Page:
The fourth of episode of Forever is, in many ways, a revitalization: the appearance of a new neighbor, Kase, played by Catherine Keener, is a shot of adrenaline that’s to the series’ benefit. Oscar and June’s monotony had begun to slowly unspool, but it’s easy to see that, left to their own devices, it could’ve been a very long time before their differences collided. June made it work with her husband for years and years while they were living. It wouldn’t take much to believe that, even in death, she would grin and bear it.
But Kase’s appearance is the first thing in a long time to upset the monotony of their days. When Oscar and June make it a point to visit her, they find that Kase isn’t terribly keen on making their acquaintance. They ask her a number of questions, and Kase dodges all of them. They leave the lady on no firmer ground than when they introduced themselves moments ago. But, because they haven’t taken the hint (or because, in their efforts to break up the repetition of their days, they can’t take it), June and Oscar make plans to return to Kase’s place. Which is ill-advised, but they do it anyway, bringing a dish of macaroni and cheese in tow.
Kase is, understandably, pissed by their reappearance. She didn’t ask for this company. She’s dead. And now … this. But Kase accepts the dish from Oscar and June, and as they try to pry into what’s going on behind her doors, she clearly shuts them out of her life. A little later, they spot her ditching the plate of macaroni and cheese, along with the dish June had made (she crafts things now; it’s how she passes the time) into the bushes.
This display does wonders for giving us a look at the ways that those who’ve died and ended up in this space have coped. Beyond that, it breaks up the monotony of Oscar and June’s days. It gives them something new to talk about. And they talk about their new neighbor incessantly. Unendingly. They decide that Kase is just adjusting to her new situation, before coming to the conclusion that she isn’t a very nice person at all, before deciding that maybe it was her job, in her past life, that had her behaving this way, before concluding that, nah, she just really isn’t a very nice person. Oscar and June watch Kase from the blinds as she makes noise and moves around her home. And while knowing that Kase is “different” from them is enough to satiate Oscar’s interest, it’s far and away too little for June. She has to know, partly out of interest, and partly because it’s something new.
And, in this way, the true antagonist of “Forever” starts to rear its head once and for all: boredom. June was bored in her life before death, and it nearly killed her marriage, but it killed Oscar instead. June was just coming to terms with the fact that she didn’t have to live a boring life. And on the cusp of coping with that realization, she died. But now, in the afterlife, boredom is serving as a hell of its own for June, and the arrival of a distraction — any distraction — looks like the only thing that’ll save her.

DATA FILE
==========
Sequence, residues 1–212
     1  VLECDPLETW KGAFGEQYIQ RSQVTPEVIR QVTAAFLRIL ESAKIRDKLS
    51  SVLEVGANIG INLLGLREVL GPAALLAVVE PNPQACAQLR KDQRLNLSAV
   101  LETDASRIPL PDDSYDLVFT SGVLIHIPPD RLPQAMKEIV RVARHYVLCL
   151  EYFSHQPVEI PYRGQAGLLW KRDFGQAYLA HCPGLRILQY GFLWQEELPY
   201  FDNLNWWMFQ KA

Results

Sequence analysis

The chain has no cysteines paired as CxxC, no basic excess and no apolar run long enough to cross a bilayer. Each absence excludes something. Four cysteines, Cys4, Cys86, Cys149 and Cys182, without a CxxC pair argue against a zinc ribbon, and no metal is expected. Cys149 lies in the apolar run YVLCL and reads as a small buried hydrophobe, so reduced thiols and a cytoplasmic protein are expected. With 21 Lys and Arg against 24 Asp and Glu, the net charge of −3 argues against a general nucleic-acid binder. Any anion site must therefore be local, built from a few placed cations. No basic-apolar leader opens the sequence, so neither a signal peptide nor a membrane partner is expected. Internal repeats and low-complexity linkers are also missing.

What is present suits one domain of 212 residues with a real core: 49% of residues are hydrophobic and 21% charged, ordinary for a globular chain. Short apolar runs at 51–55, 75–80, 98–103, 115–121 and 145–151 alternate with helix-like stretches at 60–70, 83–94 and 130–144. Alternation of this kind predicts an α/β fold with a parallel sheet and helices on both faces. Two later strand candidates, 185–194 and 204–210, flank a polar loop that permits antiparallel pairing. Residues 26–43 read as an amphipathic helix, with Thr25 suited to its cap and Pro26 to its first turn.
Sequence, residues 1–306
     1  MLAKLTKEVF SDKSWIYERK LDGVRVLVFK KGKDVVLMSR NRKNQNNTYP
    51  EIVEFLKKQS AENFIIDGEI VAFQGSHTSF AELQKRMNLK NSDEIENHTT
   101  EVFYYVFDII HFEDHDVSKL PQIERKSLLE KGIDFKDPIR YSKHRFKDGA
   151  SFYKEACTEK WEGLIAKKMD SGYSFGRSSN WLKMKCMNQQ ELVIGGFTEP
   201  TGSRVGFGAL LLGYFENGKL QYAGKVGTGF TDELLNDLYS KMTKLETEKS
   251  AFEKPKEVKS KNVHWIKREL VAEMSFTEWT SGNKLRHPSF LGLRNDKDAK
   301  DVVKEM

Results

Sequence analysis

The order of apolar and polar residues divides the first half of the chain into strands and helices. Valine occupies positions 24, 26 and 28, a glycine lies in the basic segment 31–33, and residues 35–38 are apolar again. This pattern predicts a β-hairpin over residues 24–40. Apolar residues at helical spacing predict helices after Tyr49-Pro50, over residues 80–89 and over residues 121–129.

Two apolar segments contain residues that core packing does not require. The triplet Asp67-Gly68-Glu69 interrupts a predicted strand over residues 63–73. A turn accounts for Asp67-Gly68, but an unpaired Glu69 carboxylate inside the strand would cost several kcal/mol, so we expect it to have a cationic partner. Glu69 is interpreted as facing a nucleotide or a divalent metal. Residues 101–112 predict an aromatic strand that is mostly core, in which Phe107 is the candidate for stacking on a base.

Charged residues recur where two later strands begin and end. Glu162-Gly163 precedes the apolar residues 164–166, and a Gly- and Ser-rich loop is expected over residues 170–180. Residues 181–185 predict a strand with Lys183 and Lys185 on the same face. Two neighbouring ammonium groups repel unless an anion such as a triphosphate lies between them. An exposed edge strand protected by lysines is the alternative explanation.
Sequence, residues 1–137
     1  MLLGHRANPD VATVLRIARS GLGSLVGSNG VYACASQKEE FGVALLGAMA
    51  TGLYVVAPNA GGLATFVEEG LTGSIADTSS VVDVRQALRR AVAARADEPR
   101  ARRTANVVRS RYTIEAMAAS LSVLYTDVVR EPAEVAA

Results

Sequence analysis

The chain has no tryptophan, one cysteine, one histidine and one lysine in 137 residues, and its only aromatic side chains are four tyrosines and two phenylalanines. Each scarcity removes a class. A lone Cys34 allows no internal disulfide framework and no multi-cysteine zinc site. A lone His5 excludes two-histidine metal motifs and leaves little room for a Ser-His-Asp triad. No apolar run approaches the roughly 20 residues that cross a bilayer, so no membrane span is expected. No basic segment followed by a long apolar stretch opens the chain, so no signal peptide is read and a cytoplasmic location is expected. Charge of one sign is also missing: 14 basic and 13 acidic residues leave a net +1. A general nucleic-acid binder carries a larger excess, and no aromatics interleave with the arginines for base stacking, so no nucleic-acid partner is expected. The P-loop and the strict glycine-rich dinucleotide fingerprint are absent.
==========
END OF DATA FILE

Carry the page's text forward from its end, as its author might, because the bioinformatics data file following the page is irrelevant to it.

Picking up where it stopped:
So of course June breaks into her neighbor’s house when she’s gone. She slips in through the back, and takes a tour. But when June hears something downstairs, she hides in a closet upstairs, and it’s a moment before she’s found out by Kase. Kase doesn’t make a big deal out of it, but apparently she goes into everyone’s houses when they’re gone. Also, she has “stuff to do.” June doesn’t press Kase on what that means, specifically (ugh), but she does ask that Kase keep her poking around the house to herself. And Kase picks up on the fact that June and her husband are going through some things, but before kicking her out of the house that belongs to neither of them, Kase gives June her word.
Even still, it’s only a matter of time before Kase comes knocking. She asks if June’s been in her house. Oscar denies the accusation, because he just doesn’t know, and when June lies, Kase calls her out. She tells her not to do it again, calling them both “fucking weirdos” on her way out. When Oscar asks June why she did what she did, June calls it “something to do.”
But it isn’t too surprising when, later, Kase knocks on June’s door for help. They talk about June, briefly, and it’s clear that our hero is still in denial about just how bad things are for her. And the pair take a dresser, and light it on fire, only to find that it returns to the apartment unscathed. June’s neighbor tells her that this is the case with all of her belongings. She doesn’t know what to make of it, but it’s true that it doesn’t bode well for June’s boredom.
At the episode’s conclusion, June returns home, entirely disillusioned. That night, she takes a bit of her own furniture into the backyard and sets it aflame. And when Oscar wakes up to find June outside, we’re privy to two realizations. The first is from June, that whatever tiny hope she had of shedding the monotony of his new life is dissolving rapidly, literally erupting into flames. The second is from Oscar, as he realizes, maybe for the first time, that if things progress at the rate they’ve been going, there’s an excellent chance that he’ll lose his wife.